NYC is a Place of Dissenters and Immigrants

How many times must it be said: “dissent is patriotic.” Maybe saying isn’t enough. Maybe shouting it, over and over, is in order. American history is filled with examples of dissenters who have moved the country forward by helping it realize—in actuality, not abstraction—the ideals on which it was founded. Labor organizers, suffragists, Civil Rights protestors, LGBTQ organizers, anti-war activists. Many of these protesters were immigrants who saw in this country a place that could be transformed into something better, because the mechanisms for transformative change were in place. They had the tools to see it through: a democratic, though flawed, election process, a forward-thinking Constitution, and an active and stand-alone judiciary.

Nearly every single milestone right we’ve won has been the result of years of dissent and provocation, much of it on the streets of this very city. My heart swells when I pass a protest, even when it’s a message I vehemently disagree with. I’d say I’m happier to witness a protest I disagree with, because it furthers the idea that all can be heard here.

We are closer to what we were meant to be because we question, fight, and work for a better future. We openly criticize policies, politicians, and outdated laws. Want more proof that critique is utterly American? Our First Amendment protections are the strongest in the world. In essence, it is our duty to call out, without fear of retribution, what we believe is problematic.

As an immigrant from the Soviet Union, where dissent was verboten and my own great-grandfather was murdered for casually remarking about a life outside the U.S.S.R, I love this country because when it shines, I see the very best of humanity—openness, civility, and liberty. It’s the promise of America that makes it great. Whether it always lives up to that promise is a different story, but as we’ve been taught by our great leaders, progress isn’t linear. Our country’s history is an amalgamation of heroism and tragedy, of puzzling contradictions. As we were preparing to go to the moon, police officers, with tacit approval, were brutalizing peaceful Civil Rights protesters all over the South. As the United States was engaging in a battle to defeat fascism, Japanese-Americans were being held prisoner as possible traitors for simply sharing the same country of origin as America’s enemy. (No such internment took place for German-Americans, who hosted a thousands-strong rally right in Madison Square Garden. Another example of how race has played an ugly role in how this country treats its immigrants.)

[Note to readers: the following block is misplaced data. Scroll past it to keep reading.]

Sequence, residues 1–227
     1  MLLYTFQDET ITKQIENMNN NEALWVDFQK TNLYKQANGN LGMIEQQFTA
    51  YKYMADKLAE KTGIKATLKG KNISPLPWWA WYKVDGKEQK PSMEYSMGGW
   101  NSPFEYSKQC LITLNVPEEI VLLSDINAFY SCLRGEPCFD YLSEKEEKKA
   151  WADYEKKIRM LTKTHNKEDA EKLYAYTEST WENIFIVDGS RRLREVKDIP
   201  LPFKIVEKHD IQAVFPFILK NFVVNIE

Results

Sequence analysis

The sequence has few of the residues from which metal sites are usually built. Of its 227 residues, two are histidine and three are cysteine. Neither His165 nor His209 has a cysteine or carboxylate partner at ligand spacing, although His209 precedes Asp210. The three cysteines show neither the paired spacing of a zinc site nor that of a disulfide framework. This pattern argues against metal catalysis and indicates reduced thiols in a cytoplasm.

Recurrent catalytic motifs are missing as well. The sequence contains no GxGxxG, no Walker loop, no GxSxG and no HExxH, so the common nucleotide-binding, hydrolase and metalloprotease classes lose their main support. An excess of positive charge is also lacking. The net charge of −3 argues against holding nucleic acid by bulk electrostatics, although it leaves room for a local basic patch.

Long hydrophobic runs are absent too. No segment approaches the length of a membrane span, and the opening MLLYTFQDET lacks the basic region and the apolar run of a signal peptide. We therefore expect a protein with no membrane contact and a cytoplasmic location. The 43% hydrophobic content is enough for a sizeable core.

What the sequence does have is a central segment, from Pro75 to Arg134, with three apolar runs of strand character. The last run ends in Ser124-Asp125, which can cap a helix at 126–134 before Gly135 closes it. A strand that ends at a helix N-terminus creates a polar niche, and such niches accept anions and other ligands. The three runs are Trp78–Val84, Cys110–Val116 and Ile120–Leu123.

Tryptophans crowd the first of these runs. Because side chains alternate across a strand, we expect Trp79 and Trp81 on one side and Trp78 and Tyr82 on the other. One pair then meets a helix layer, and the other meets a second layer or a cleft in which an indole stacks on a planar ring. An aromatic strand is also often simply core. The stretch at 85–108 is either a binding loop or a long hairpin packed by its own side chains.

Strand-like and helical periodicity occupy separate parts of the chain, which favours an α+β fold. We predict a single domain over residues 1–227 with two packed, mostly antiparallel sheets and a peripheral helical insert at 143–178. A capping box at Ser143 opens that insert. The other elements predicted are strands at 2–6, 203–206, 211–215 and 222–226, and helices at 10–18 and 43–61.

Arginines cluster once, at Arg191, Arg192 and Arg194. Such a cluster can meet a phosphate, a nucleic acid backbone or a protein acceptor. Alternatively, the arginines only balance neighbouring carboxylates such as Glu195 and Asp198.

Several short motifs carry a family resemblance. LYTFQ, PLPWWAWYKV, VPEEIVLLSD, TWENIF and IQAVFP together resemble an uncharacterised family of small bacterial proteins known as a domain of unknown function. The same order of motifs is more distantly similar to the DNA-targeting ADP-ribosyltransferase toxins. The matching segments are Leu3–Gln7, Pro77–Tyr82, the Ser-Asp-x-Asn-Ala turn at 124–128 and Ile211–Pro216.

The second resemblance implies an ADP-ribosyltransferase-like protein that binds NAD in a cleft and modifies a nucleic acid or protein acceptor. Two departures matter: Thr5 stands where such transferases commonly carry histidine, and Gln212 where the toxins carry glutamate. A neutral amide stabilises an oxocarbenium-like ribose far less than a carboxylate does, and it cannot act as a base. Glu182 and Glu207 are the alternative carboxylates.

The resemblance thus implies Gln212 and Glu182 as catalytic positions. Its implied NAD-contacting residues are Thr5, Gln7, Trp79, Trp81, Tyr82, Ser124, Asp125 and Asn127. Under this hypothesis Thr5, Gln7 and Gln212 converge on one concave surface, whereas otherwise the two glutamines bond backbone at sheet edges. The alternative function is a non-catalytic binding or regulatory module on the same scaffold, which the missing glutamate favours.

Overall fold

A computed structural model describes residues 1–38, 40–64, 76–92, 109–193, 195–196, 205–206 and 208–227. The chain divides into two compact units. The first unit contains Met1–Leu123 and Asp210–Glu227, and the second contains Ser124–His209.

But our greatness is carved into our bones. The fact that, despite being seemingly unconcerned with the fact that his own words didn’t apply to enslaved black people or women, Thomas Jefferson was still able to construct one the most powerful statements ever written: “We hold these truths to be self-evident, that all men are created equal.” To me, the most moving part isn’t “all men are created equal”; it’s the first clause, that equality is a truth that doesn’t need explanation. This sentiment is not something anyone needs to prove. It just is, no questions—especially here, in the city of dissenters and immigrants.

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A Recent Encounter

I had one of those unpleasant big-city encounters a few weeks ago, the kind that makes small-town folk say, “see that’s why I could never live in the city.” It was a crowded morning commute and a man who looked mentally unwell singled me out for some very nasty verbal abuse. I put on my headphones and tried to drown it at as best I could for as long as we were stuck between stations. After I transferred trains, I had a strange realization. I wasn’t that affected by it. Yes, I felt disgust toward him, but it was fleeting. It was hurtful, but it wasn’t “real” in the sense that his words didn’t actually mean anything concrete. They weren’t pointed. They didn’t get at true insecurities. But more than that, I realized that I’d grown thicker-skinned since first moving here nearly 15 years ago. I almost expected the encounter? How can you not, when traveling twice a day, for 30 minutes at a time, in a metal tube trapped with total strangers who embody every kind of human. “New York City” makes one thick-skinned, I thought.

And then immediately after, I thought something else: the city makes one more empathetic, too. And somehow those two states of being exist simultaneously. In the same moment as I was observing myself more unbothered than I expected by his abuse, I felt sorry for him. Actually, not so much “sorry,” which is a passive emotion, but truly empathetic. I thought about his brain, how it was misfiring, how hard it must be to live that kind of life, especially when the illness manifests in vitriol towards other people. I wished he’d find help. New York City, if you let it, can make you more empathetic, because the suffering is in your face, you can’t hide from it. Some grow callous, but that’s not a given. Not if you really see our fellow New Yorkers. A thicker skin and greater empathy aren’t inherent contradictions.

The city forces you to confront these layered emotions. It requires constant mental recalibration, which is equal parts exhausting and exhilarating. Once you’re here, it’s hard to imagine living anywhere else.

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